Scholarly electronic publishing -- Social aspects -- Africa.
Globalization and technological change are driving new developments in electronic publishing and learning—developments that are dominating the transmission of educational information. African studies in the North are harnessing these developments to enhance the study of Africa. While control of, and profits from, these trends largely bypass Africa, there is growing evidence of successful African digital ventures. A new "scramble for Africa," for information resources to digitize, suggests a new process is unfolding: the digitization of Africa. This article outlines these trends and discusses priorities and principles underpinning evolving partnerships. The challenge for all involved in the digitization of African resources is to ensure access, sustainability, and fairness in the sharing of these resources. These goals can be furthered by close cooperation with and listening to African partners, and by the design and implementation of models that effectively deliver information resources over the long term in mutually beneficial ways.
Internet in education -- Social aspects -- Africa.
In terms of information access, the internet and the World Wide Web hold forth a historically unique chance for African universities to gain a more equal footing with their sister institutions in the West, yet most African universities are many years, possibly decades, away from reliable, robust ICT and adequate bandwidth. This paper will examine the ways in which the dearth and expense of bandwidth in Africa, in spite of heavy donor investment, pose a structural disincentive for the digitization of local content. It highlights the human and technical hurdles that face librarians. Finally, it reviews the potential role that bandwidth augmentation schemes, like the WiderNet Project's eGranary Digital Library, have to play in the sustainability of digital library development on campuses around Africa and in the rest of the developing world.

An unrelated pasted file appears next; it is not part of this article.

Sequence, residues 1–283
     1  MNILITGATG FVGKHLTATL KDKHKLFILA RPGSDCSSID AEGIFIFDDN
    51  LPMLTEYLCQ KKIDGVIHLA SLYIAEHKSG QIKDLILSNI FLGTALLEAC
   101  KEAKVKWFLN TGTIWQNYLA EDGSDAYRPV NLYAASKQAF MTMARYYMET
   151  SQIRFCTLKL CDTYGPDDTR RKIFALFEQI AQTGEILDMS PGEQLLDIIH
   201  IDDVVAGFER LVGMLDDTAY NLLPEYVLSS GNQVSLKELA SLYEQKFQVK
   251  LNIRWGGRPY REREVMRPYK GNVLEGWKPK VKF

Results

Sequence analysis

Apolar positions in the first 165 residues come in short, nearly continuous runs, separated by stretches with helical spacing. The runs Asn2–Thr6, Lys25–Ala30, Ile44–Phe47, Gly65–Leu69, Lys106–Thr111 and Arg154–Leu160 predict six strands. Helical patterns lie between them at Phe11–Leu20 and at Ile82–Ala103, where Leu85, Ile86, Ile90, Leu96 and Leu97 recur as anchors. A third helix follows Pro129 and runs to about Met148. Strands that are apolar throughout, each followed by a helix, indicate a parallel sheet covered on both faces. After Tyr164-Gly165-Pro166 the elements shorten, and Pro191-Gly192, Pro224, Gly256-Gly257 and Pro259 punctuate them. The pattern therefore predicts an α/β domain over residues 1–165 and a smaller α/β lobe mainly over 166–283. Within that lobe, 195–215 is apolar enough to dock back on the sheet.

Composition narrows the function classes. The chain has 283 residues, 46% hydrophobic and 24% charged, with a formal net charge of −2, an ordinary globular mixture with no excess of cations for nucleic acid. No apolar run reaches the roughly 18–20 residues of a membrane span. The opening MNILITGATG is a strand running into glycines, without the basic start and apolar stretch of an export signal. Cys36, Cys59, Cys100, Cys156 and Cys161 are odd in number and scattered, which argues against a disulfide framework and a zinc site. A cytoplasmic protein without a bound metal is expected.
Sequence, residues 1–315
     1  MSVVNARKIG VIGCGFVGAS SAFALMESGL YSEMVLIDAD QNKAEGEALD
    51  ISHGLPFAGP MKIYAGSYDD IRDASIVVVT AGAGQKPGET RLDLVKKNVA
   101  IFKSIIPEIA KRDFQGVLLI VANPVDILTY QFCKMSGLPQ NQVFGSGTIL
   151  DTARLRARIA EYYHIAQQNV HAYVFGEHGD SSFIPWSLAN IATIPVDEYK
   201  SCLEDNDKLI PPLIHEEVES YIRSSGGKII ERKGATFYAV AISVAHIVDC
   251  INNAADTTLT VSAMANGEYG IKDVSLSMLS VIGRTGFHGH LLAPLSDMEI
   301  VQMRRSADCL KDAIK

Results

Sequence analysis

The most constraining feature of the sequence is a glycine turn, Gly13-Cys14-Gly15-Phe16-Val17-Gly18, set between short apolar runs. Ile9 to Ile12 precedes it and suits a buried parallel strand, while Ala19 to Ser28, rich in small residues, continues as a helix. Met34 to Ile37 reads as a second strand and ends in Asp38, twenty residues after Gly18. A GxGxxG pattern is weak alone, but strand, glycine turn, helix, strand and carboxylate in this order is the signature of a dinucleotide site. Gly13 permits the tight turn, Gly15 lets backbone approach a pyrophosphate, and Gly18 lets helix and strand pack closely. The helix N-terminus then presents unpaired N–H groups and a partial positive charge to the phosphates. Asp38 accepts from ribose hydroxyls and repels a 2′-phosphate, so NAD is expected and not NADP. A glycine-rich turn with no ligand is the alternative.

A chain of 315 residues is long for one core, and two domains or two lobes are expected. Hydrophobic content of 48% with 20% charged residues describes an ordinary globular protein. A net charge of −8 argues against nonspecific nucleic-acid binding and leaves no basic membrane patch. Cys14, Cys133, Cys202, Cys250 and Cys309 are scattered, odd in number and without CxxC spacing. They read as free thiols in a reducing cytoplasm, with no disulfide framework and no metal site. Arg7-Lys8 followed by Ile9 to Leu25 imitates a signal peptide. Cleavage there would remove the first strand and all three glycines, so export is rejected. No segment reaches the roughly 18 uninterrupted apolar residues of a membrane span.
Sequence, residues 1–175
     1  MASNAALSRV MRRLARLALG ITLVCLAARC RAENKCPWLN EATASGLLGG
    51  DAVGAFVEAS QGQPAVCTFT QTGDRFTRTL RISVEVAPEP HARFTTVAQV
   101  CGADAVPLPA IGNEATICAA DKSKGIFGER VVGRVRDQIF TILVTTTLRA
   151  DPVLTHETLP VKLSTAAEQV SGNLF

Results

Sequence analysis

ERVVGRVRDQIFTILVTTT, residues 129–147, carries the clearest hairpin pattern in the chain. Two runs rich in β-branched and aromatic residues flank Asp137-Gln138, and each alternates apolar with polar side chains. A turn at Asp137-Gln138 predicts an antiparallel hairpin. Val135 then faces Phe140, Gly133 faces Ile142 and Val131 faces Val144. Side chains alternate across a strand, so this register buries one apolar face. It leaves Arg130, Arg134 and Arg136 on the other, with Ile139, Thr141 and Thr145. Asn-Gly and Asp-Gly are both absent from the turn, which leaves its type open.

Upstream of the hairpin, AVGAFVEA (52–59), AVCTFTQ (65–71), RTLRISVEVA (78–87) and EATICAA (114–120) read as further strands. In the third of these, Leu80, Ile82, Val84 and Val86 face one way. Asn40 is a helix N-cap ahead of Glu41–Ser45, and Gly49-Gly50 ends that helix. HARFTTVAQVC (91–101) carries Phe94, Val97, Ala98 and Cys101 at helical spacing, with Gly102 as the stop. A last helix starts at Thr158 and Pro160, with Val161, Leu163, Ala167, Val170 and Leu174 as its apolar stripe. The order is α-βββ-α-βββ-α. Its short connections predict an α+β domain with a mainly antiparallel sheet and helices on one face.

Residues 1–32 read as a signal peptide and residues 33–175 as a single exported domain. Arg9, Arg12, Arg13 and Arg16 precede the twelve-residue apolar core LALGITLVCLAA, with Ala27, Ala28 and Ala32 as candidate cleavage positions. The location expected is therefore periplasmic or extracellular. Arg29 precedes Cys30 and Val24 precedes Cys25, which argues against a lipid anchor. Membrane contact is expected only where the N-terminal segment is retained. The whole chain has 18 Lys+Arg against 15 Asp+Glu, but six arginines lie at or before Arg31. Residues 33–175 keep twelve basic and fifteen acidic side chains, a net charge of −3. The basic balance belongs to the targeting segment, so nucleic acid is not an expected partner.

The rise of the internet has increased expectations about how research information can and should be disseminated globally, and this change has had an impact on journals published within Africa—journals that have previously been unable to take advantage of this medium. This article investigates the current visibility of African journals in the international research community and discusses initiatives that have been developed to help researchers gain access to information and make their own published information visible to the world. It shows that the African Journals OnLine (AJOL) service has provided a valuable window for these publications, and offers many lessons about the challenges encountered by journals and what support is required to build capacity and sustainability.
Isaacman, Allen F.
Nygren, Thomas I.
Africa, Southern -- History -- Computer network resources.
Decolonization -- Africa, Southern -- History -- Computer network resources.
Digital libraries -- Africa.
Africa, Southern -- Historiography.
This paper describes the history of an initiative to digitize a postcolonial archive on the struggle for freedom in Southern Africa. The authors outline the intellectual architecture of the project and the complex epistemological, political, and technical challenges that they confronted in their endeavor to construct a digital archive that might help reorient scholarly debates on the struggle for liberation.